Education in India is one of the biggest focus areas for the private sector and the government at the state and Central levels. While government has a limited role to play, it is the private sector that has really picked up the gauntlet to move the education sector to a more progressive and relevant level. Explaining his views on the subject to The Financial Express Online’s Somya Khera, entrepreneur and educationist Satya Narayanan, founder and chairman, CL Educate, an alumnus of St Stephen’s College and IIM-Bangalore, highlights the crucial need for a revamp of the sector and much more. Here are the edited excerpts:
You have 19 years of experience in this sector. What according to you is the most important aspect of education?
The most important aspect of education, I feel, is to recognise individual potential, it bridges the gap between rich and poor and that’s why it is important. I don’t believe that nine-year-olds need schooling to innovate, all they need is problem-solving ability. We use the term ‘resource’ for students and we even have a human resource ministry. This term ‘human resource’ in itself is problematic. Students should not be treated as consumers. Mark Twain once said that he never let his school interfere with his studies and that holds importance in today’s scenerio as well.
How has Indian education transformed in the past 15 years or so since the turn of the century? Is it, according to you, good or not?
It is good, technology today has successfully solved several issues and like education, it is also bridging a wide gap between rich and poor in this country.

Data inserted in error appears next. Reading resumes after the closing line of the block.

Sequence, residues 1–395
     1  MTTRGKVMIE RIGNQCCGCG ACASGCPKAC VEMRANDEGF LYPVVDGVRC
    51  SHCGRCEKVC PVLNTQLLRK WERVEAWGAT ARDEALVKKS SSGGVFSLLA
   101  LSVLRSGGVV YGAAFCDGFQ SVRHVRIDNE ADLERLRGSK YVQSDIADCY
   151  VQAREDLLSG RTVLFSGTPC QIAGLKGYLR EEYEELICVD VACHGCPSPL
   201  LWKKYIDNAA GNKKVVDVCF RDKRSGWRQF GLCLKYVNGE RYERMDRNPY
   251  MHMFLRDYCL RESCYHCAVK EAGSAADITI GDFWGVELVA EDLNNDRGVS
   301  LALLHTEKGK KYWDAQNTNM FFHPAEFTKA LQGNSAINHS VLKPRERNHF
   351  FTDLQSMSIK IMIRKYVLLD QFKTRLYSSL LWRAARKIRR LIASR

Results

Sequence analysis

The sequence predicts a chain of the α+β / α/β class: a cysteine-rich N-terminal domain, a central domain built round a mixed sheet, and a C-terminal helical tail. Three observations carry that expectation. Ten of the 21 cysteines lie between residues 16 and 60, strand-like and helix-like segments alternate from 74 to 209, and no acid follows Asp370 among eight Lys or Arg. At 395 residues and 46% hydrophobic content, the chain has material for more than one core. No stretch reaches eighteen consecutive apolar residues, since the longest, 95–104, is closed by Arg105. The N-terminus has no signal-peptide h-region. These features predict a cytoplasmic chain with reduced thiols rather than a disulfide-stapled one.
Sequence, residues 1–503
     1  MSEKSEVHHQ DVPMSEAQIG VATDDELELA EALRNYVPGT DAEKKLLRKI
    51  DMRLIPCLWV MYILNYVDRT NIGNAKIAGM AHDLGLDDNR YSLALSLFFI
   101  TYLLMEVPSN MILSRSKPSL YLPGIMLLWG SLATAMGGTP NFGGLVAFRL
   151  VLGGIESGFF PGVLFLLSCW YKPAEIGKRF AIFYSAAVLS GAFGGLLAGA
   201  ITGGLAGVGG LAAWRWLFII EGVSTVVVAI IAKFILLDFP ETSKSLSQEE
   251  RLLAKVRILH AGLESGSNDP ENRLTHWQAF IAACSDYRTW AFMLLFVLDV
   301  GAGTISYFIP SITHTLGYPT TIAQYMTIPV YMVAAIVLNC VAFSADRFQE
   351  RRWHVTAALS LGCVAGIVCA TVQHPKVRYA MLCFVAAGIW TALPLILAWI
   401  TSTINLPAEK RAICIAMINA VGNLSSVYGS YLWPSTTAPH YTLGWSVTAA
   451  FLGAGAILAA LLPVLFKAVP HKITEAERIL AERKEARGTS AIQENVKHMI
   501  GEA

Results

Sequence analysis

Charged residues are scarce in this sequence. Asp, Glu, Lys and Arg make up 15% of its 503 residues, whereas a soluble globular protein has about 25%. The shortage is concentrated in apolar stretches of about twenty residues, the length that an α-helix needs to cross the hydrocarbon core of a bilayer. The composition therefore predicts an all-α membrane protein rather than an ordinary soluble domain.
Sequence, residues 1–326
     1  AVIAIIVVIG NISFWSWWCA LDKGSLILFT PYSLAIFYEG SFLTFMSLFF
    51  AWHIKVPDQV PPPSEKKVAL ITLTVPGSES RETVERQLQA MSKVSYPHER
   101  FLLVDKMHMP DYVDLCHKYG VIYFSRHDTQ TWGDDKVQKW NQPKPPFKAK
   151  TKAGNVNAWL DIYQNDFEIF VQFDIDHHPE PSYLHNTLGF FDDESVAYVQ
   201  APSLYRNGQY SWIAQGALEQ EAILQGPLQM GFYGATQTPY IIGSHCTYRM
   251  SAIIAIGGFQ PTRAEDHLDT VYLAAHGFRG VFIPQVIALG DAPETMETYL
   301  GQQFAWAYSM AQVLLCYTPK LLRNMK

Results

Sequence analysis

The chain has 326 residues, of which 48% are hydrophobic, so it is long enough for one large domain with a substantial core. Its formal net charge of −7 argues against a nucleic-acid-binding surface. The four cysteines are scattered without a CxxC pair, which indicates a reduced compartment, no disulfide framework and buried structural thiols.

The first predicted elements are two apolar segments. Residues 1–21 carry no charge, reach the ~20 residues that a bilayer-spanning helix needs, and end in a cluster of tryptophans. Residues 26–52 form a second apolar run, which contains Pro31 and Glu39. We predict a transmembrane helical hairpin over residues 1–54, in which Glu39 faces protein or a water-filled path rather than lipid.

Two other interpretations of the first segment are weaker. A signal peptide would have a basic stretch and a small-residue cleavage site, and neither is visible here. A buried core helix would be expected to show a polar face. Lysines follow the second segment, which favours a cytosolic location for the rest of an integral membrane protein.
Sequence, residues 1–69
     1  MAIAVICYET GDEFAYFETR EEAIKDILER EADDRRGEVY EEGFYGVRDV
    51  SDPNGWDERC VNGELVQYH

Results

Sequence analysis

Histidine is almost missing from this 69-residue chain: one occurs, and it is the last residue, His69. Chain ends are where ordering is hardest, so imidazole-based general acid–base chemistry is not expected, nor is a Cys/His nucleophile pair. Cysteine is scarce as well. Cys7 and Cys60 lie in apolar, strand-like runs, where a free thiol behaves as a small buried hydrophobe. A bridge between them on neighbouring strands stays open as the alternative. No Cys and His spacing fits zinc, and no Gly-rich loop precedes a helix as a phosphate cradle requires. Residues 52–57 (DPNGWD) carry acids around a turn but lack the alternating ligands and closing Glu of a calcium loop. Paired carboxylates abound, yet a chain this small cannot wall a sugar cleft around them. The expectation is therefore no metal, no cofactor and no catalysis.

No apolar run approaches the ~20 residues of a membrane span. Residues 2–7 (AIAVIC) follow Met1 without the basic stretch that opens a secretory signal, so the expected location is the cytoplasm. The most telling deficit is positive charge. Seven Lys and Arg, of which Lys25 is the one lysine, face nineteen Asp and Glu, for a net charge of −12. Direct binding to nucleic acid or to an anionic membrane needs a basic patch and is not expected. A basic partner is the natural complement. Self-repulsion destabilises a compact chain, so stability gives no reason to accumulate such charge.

What are the top 5 things that a student today must focus in order to succeed?
Five is a lot! Why put so much pressure on students? One of the most important things that a student must do in order to succeed is to chase his or her dreams. I believe parents play an important part here. Parents often project their inadequacies on their children and this I believe is an unhealthy practice. The second important thing is discipline. Why your generation knows Sachin Tendulkar and not Vinod Kambli has to do with discipline. Sachin Tendulkar had discipline and that is why he was successful. Number three is emotional intelligence. Western countries have spoiled it for this generation by putting a number alongside intelligence. IQ is only one of the parameters of intelligence, it does not teach emotional or spiritual intelligence. For instance, if a person is intelligent but does not know how to interact with people he’d be shunned by society. IQ does not teach team building, which is one of the most important skills to lead.
You have recently unveiled a programme. What is it all about?
This programme is called ‘A Million Innovators’ and was unveiled in Delhi. The program will bring together the industry and academia onto a common technology platform. The appetite for innovation from the industry is more than adequately quenched by the supply of young talent on the university side. All other critical stakeholders such as angels, IP attorneys, mentors, are on this platform. The program aims to reach universities in APAC and Middle East in phase one.